Seven years after nine attempts to cross the border from Mexico and 18- year- old Luis Ayala of Medford is dreaming big, he's going to college with a 4.0 GPA.
"Right as we were about to give up we made it," says Ayala.
Thanks to a policy passed in 2012 by President Obama, Ayala can stay in the united states without fear of deportation.
Deferred Action for Childhood Arrivals" or DACA is an attempt to answer a growing issue, immigrants who enter the country as children.
"I came here to succeed and work hard I don't believe I came here to be a bother to the country."
Ayala is one of 900-thousand so-called "dreamers" in the United States.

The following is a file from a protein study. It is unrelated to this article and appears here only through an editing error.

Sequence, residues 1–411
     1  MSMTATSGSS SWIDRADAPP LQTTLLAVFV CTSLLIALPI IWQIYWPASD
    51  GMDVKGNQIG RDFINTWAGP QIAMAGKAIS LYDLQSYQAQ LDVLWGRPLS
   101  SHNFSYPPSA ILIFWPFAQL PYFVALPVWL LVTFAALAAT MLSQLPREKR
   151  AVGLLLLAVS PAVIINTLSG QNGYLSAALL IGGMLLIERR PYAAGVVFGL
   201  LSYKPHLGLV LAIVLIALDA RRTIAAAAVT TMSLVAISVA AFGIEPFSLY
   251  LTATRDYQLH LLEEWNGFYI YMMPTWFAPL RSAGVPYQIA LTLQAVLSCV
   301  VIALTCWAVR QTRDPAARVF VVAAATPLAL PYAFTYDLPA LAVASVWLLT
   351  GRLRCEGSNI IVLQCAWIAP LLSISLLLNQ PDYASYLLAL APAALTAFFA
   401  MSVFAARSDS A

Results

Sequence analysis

After the proposed development relief and education for minors act. they don't have legal standing-- but came with their parents when they were young, shaped by U.S. culture.
"I wouldn't want to be anywhere else."
DACA took affect a year ago in Oregon. Students must have arrived in the U.S. before turning 16 and have to be under 30, they have to be in school,and can't be convicted of certain crimes.
Ayala thanks his teachers and Martin Luther King's dream put in words 50 years ago Wednesday-- for being able to live his.
"I'm just so thankful to be able to live my dream."
Data from Homeland Security shows the majority of Oregon applicants have been accepted to the program-- and most are Mexican.
Critics question DACA's legitimacy and whether the administration has the right to supercede existing immigration law.